The Awesome Ozarks: Art, Entertainment … and Ghosts!
By Ruth J. Katz
If the stunning, take-your-breath-away Thorncrown Chapel, snugly tucked into a leafy, woodland setting in Eureka Springs, Arkansas, embraced a particular religious denomination, I would have converted. That is how serenely transported I felt, sitting in the glass-enclosed (425 panes, measuring a total of 6,000 square feet) shrine to contemplation and tranquility. Designed by E. Fay Jones and opened in 1980, the majestic building garnered the American Institute of Architects’ Design of the Year Award for 1981 (deservedly so), as well as the AIA’s Design of the Decade Award for the 1980s, among the many plaudits it has been awarded.
This extraordinary building is but one marvel in this pocket of the Ozarks—Northwest Arkansas and Southwest Missouri. And my recent trip serves only to underscore to me and I hope to others, that some of the very best is right here in our own backyard. Clearly, visitors have discovered this jewel: Over six million people have come to see this sanctuary—which soars nearly 50 feet into the air—and offers solitude and unfettered communion with the towering oak and cedar trees.
After a visit to the chapel, tootle around the charming, idiosyncratic town of Eureka Springs itself, population: 2,000, give or take. There are no traffic lights, no stop signs, no cross streets, no byways at right angles to one another. (It leaves me to wonder—does the local constable ever give out traffic tickets?) Ripley alleged that this is where the “misfits fit.” The roads gently zigzag and meander along hillsides (take the Eureka Springs Trolley) that are dotted—in the historic district—with what you could consider an open-air, living, architectural museum (with, I might add, 55 miles’ worth of stone walls). The entire town is on the National Register of Historic Places as is the Eureka Springs Historic District; and, the village was chosen as one of America’s Distinctive Destinations by the National Trust for Historic Preservation.
There are classic Victorians, carpenter Gothics, and what-nots, almost all of which have been painstakingly and lovingly restored by their owners—awash in vibrant persimmon, come-hither burnt umber, gentle aquamarine, muted mustard, and a panoply of paint hues that would make the Pantone people envious. Wooden, front-porch lacework and the occasional gazebo punctuate the vista, with homes bearing names like “Daffodil Cottage.” In the more commercial part of town, shops bear monikers such as “Two Dumb Dames” Fudge Factory; Myrtie Mae’s eatery boasts signage advising, “It’s love at first bite.”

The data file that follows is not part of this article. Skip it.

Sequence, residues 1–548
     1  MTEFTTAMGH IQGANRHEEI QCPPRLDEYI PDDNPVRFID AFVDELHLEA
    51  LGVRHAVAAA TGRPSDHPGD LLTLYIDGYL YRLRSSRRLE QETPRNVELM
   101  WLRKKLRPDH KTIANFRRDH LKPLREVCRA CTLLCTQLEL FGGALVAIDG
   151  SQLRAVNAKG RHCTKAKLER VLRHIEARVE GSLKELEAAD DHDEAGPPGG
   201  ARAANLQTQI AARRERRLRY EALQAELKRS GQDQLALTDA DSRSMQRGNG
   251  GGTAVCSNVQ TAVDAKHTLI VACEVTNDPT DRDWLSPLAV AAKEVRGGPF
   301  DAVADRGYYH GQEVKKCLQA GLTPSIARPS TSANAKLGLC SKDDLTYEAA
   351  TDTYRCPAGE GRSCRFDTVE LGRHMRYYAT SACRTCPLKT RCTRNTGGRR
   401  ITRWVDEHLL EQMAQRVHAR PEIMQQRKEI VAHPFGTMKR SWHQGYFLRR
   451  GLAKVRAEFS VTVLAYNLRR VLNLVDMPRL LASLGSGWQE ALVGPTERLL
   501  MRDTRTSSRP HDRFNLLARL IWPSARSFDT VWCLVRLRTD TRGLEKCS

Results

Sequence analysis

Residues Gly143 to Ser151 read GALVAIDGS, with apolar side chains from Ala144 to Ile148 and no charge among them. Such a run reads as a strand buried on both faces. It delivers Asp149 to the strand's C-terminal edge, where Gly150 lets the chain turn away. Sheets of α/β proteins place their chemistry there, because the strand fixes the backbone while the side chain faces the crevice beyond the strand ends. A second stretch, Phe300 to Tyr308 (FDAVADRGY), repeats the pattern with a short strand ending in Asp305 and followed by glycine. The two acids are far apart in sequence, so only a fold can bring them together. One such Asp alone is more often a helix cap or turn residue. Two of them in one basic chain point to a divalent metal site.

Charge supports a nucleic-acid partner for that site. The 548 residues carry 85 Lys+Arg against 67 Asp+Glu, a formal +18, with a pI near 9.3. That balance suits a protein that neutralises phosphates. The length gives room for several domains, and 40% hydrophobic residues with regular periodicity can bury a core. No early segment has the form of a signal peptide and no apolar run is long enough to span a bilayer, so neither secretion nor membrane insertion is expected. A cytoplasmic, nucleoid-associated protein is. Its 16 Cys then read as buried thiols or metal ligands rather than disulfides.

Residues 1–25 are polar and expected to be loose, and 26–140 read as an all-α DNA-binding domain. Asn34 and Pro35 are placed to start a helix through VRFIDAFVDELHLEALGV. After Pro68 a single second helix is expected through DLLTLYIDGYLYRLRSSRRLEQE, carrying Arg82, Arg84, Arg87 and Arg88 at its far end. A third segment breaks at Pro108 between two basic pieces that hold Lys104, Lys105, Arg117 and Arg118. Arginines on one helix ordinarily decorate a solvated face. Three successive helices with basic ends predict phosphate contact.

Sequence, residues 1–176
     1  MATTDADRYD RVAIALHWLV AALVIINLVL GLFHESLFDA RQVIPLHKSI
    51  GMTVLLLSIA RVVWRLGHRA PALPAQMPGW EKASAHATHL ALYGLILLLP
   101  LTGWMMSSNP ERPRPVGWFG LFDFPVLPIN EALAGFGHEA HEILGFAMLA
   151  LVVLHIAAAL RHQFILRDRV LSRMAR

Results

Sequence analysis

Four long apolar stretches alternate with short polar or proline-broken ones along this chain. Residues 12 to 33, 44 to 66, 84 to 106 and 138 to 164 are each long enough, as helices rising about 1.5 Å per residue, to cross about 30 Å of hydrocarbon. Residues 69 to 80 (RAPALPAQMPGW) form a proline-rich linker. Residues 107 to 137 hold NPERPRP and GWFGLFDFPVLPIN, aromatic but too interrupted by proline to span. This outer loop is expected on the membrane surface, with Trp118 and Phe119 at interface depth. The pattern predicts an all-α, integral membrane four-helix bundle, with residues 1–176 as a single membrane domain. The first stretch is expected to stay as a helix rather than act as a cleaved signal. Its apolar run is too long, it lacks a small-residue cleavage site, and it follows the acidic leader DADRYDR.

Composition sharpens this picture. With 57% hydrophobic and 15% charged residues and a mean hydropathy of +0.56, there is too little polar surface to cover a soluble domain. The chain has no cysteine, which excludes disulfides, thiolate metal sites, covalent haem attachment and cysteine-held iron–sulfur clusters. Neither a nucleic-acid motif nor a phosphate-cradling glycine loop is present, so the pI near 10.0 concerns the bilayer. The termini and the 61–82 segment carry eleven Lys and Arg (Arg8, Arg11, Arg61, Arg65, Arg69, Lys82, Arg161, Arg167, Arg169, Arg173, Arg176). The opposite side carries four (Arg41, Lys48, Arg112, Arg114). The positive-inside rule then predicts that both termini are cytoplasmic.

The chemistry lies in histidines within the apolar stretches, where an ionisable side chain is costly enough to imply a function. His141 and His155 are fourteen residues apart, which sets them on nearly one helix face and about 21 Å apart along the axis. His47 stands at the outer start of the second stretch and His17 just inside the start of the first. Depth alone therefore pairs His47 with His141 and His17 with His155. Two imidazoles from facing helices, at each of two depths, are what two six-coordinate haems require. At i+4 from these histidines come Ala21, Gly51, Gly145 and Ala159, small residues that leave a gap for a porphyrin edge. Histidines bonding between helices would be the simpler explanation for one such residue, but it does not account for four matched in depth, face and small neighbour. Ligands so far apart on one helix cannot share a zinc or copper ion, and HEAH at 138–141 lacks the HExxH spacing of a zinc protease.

Most homes were built between 1880 (population at that time was a friendly 300!) and 1900 or so. It was the discovery of the cold, grotto springs—maybe 75 of them—that brought even more visitors to take the “cure” and settle here. Today’s population is “arty” and interesting. One of the more attention-grabbing local spots is the 1886 Crescent Hotel & Spa, on 15 acres of manicured gardens, with forested nature trails, the New Moon Spa & Salon…and ghosts. Yes, really. As the hotel says, “Some guests check out, but never leave.” Let’s just say I slept with my light on.
The building was bought in the late 1930s by one Norman Baker, a quack who established the Cancer Curable Baker Hospital. Nobody really knows what he injected into his patients, but when the hotel was bulldozing the grounds for a new parking lot, the workers discovered jars and jars of medical specimens. This past April, teams from the Arkansas Archeology Survey arrived in their excavating gear to meticulously unearth whatever else lay beneath…and Lord only knows what they found in hundreds of glass containers among the gruesome surgical tools and other “artifacts”… all this makes for wonderfully engaging tours by the hotel’s cadre of ghost whisperers. Be sure to take the circuit. But, on a brighter note: Know that there is a delicious, appetizing meal awaiting you in the Crystal Dining Room, where the signature dish, Crab Lorenzo, has been delighting guests since 1886.
From here, skip on over to Bentonville, home to Clan Walton. In fact, Sam’s first shop—Walton’s 5-10—is still here, a must-see on your itinerary. The big draw, for my money, though, is daughter Alice Walton’s Crystal Bridges Museum of American Art, spanning five centuries of American masterworks, from the Colonial era to today…and in between are Georgia O’Keeffe, Norman Rockwell, Andrew Wyeth, and on and on.